You’ve probably seen the movies where Chicago gangsters all had Thompson machineguns in violin cases.
That couldn’t be further from the truth.
The real story is that gangsters went around with violins in Thompson machinegun cases. So when there was a dispute between rival gangs, each side would rosin up their bows and have a hootenanny.
Perhaps you’re heard of them?
At his peak, Capone went around with a whole orchestra. He’d bought out the Chicago Symphony’s string section before Elliot Ness shut his operation down.
Trying to improperly deduct replacement strings from his taxes did him in.
My loincloth’s slipping, I’ve got a splitting headache from the heat and the crown of thorns, and there’s not a damned thing I can do about it.
I look down. Mom’s there, crying her eyes out.
“Quit crying, Mom,” I shout down to her. “Get me a towel or something.”
She just kneels and weeps.
“Shut up, freak!” shouts a soldier. He jabs me with a spear.
“Damn!” I yell. “Asshole!”
That’s when it starts to rain.
“Thanks, Dad,” I mumble Heavenward. “What a fucking shitty day this turned out to be.”
I should have checked my horoscope.
I knew I’d win. Inviting the jury to a party at my ranch did the trick.
Surprisingly, none of them tattled on me, despite huge rewards those nasty tabloids offered.
My fans, they love me.
It’s hard to celebrate, though. My back is killing me, but the pills they give me don’t help anymore.
They aren’t completely useless, though. Mix them right, and you get GHB. That takes care of the memories.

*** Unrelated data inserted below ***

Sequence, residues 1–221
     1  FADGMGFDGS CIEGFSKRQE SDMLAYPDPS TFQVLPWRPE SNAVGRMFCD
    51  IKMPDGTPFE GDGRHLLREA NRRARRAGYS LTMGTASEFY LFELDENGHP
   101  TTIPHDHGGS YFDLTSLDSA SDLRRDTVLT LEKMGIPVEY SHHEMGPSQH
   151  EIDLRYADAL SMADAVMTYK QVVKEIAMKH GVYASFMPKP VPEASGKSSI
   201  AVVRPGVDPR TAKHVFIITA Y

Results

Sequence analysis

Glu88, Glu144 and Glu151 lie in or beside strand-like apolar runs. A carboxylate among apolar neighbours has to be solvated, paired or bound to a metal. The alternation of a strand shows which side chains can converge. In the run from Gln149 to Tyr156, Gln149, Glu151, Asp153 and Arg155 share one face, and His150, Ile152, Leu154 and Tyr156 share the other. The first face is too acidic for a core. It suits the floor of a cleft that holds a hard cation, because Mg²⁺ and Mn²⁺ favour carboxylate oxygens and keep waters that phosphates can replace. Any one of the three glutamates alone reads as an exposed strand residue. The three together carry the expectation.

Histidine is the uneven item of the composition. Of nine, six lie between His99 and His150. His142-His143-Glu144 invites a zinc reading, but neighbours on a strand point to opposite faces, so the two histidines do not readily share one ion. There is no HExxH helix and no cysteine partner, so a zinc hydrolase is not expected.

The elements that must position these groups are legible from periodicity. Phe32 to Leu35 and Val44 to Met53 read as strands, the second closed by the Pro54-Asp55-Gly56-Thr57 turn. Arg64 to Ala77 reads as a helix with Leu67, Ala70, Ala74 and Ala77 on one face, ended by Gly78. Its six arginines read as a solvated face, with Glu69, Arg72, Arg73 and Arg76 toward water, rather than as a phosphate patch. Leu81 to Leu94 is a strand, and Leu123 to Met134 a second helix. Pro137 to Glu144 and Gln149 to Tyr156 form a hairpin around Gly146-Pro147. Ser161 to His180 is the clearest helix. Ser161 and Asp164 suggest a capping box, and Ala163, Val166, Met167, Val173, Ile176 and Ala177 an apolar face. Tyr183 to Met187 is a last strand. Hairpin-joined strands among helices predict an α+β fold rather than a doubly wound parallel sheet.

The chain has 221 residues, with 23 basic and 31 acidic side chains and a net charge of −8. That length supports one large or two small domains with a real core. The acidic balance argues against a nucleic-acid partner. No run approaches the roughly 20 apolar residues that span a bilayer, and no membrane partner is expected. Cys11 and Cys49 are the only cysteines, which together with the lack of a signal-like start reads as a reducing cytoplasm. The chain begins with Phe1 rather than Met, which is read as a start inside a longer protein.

A nice hot shower washes away the physical evidence.
But never mind all that. Thanks for helping me with my pants, Johnny. Now help me with my shirt.
Studies have shown that playing classical music causes a plant to grow faster and stronger than if a plant is raised in an environment with rock and roll music, noise, or complete silence.
It turns out that the same goes for babies. Classical music makes them grow quickly and in good health.
And if you pump the music in directly through headphones, you block out the crying noises of other babies, which turns out to be somewhat infectious and irritating.
Nice, juicy babies.
Removing the hair and bones cleanly and rapidly through automation is something we’re still working on, however.
“Fifty billion” said Thabo, watching the telly of the G-8 press conference.
“That’s an awful lot of jack,” said Mohammed. He crushed his soda can and tossed it into the wastebasket. “Awful nice of the blokes to offer it up. So, how do we get our mitts on it?”
“We just need a name, a flag, and a big enough bag,” said Thabo.
Mohammed reached into the wastebasket.
“Daliwali,” he read from the can.
“Pretty.” Thabo smiled. “How about the flag?”
Seven hours and two suit rentals later, they were heading to Edinburgh.
All in the good name of Daliwali.
The legendary Wild Journalist was renowned for its drab plumage, tireless hunting of facts, and hard-nosed competitive nature.
Down through the ages, onlookers would stand in awe of its relentless pursuit of news, serving the public’s interests by seeking out and spearing vermin among public office and commerce with acid tongue and razor-sharp wit. No community was complete without its population of Wild Journalists serving to guard them from vicious predators.
Once common, today the Wild Journalist’s numbers have greatly declined in recent years, thinned by various domesticated breeds: Celebrity Asskissers, Empty-suited Egos, Craven Appeasers, Corporate Tools, and Agenda-Driven Propagandists.
Bond held up the gun and raised an eyebrow.
“Excuse me, R,” he said. “What does this do again?”
“Pay attention, Double Oh-Seven!” admonished R. “First, it kills a person for just ten minutes. Then, it turns their hands bright orange, enough to see from 8 kilometers away.”
“Eight kilometers?” asked Bond. “Lovely.”
“Of course, it also turns your hands blue,” said R. “And you get only one shot.”
Bond put the gun down and sighed.
He looked around Q’s old lab, tables piled with other useless creations of R.
“I miss you, Q,” he muttered. “This fucker’s a loony.”